Thursday, April 18, 2013

From VHS to MPG - and Other Ways the AV Industry Has Changed

On the 57th anniversary of the VCR, YouTube unveiled the "VHS" mode for one day to allow people to "relive the magic and feel of vintage video tapes."

Well, I don't know whether I would call VHS video magical, but there was a day when it was revolutionary. Today, however, I can't sit through a few minutes of a VHS movie.

A prehistoric relic. Image courtesy of anankkml

This got me thinking back to a question I asked in Linkedin Group a few weeks ago. I posed a question to a group of AV veterans asking: "What's the biggest difference between today’s AV industry and the industry we worked in 10 years ago?"

The audiovisual (AV) industry is a tough business to be in today. There are more competitors for AV rentals than ever before and the technology isn’t just moving forward, it’s leaping forward. Those in the trenches know that if you’re not sprinting to the cutting edge with it you’re falling behind.

I thought I’d hear a lot of technology references – and there were certainly plenty of those. But what struck me most was how much the conversation turned to the macro-level changes in the sector and what that means for service and the reputation of those of us that call ourselves professionals.

The AV Technology Revolution:  Beyond Pretty Pictures

It’s amazing what we can provide for people today with a fraction of the transportation needs. A box full of tiny iPads or tablets can hold more information - presented in a more compelling fashion – than stacks of folders, binders, and reports held a decade ago.

One fellow pro pointed to the evolution of the digital audio console, which eliminates the need for a half truck-full of racks we used to haul to a show.

At Rentfusion video walls and screens are some of our biggest movers. Flat-screen technology makes them affordable for so many more businesses to display their products, and for us in it means less back-breaking work hauling equipment and more flexibility with delivery.

There may be some measure of nostalgia for the tech we grew up on, but when it comes to professional displays, we’re not missing the cumbersome old tech. As one commenter responded talking about the old 35 mm slide projectors, “Good riddance to all of it.”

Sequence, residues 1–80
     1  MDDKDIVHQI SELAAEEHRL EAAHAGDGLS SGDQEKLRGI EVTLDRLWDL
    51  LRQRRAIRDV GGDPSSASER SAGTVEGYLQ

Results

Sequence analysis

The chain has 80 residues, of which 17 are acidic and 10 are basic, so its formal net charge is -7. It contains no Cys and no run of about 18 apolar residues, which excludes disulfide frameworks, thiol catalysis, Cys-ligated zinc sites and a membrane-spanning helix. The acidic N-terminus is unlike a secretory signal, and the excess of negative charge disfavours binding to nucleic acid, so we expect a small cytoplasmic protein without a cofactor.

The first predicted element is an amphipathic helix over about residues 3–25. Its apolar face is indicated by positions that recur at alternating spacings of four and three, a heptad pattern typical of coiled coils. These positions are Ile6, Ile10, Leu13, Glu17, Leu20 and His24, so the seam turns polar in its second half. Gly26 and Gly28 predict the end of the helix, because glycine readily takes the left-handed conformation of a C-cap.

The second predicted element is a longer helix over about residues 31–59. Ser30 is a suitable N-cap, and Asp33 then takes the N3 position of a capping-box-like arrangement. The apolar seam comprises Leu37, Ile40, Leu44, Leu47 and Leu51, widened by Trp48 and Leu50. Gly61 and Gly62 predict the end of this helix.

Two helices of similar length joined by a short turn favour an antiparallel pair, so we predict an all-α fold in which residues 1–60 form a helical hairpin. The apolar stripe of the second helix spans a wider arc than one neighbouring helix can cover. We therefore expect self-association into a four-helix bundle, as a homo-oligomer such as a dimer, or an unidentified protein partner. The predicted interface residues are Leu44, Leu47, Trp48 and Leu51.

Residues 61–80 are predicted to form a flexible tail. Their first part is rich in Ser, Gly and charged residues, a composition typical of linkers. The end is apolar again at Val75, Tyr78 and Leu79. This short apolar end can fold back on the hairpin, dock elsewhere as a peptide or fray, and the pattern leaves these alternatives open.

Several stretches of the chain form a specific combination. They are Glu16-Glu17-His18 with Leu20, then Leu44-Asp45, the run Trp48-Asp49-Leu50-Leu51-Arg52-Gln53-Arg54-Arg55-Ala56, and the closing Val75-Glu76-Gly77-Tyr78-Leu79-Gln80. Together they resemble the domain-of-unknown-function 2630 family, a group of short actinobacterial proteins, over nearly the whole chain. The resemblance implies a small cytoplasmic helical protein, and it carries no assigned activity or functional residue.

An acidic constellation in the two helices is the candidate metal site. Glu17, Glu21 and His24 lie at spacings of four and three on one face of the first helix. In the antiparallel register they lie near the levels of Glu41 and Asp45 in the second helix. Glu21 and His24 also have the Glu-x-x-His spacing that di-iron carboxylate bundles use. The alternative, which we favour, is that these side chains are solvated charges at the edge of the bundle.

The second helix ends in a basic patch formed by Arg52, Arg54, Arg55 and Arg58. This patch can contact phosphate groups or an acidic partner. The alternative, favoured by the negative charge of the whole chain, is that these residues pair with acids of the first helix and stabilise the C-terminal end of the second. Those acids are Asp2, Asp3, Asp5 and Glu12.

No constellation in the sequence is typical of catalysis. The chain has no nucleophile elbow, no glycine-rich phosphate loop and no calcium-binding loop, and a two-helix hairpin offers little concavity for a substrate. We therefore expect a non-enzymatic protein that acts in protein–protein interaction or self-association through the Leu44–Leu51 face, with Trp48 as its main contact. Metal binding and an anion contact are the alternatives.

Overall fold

But much more of the conversation settled in on the larger business changes.

Last week guest writer Eric Byrd talked about the growing convergence of Information Technology (IT) and AV. IT knowledge is now nearly essential for AV pros in a world where everything must be networked.

It’s an important part of the changes in the trade show, convention, and meetings industry, but that’s a conversation all it’s own.

The Big Picture in AV Changes

Andy Soltesz, the owner of ColossoVision in Calgary, Canada, keyed in on the difference between equipment brokers and AV houses full of tech geeks who truly know the equipment and take pride in what we do.

“In the past, many AV companies owned the products they promoted and sold,” Soltesz wrote. "Today many AV companies have become brokers for products and services offered by others.”

Those ownership companies were more focused, he wrote, but today the large brokers want to be 'everything for everyone,' with deteriorating levels of service.

"The companies that invest in the equipment end up working with nothing more than brokers who have no vested interest in the product other than money," he wrote.

Rick Lawall, owner of Lawall Communications in New York, called for a responsible mix. His company is able to adjust to the rapid changes in the industry by carrying a smaller inventory and partnering with other companies to fill the gaps.

“This makes us quicker and more competitive,” he said. “I’m not sure large, equipment rich, heavily capitalized companies are the only way to be a responsible, responsive A/V company.”

But what did Soltesz mean by his “everything for everyone” comment?

Those companies, he said, “don’t invest in training, knowledge or resources.” When those companies call him for gear he said the calls turn into training sessions.

We’ve seen the same here at Rentfusion, and for true pros who love this work and take pride in our knowledge and service, it’s frustrating to see the trust in the marketplace eroded by outfits like those Soltesz refered to.

But I digress. Needless to say, I got a lot more out of this seemingly simple questions than I bargained for.

If you’d like to add your voice to the conversation, connect with me on Linkedin and I’ll share the link. I’d love to hear your thoughts!

John Dubielak Rentfusion
John Dubielak is the Vice President of Operations for Rentfusion, which offers AV rentals, computer rentals, and all manner of equipment for meeting planners, tradeshows, convention hosts, exhibitors and event planners nationwide. Follow Rentfusion on Twitter at @rentfusion and on Linkedin.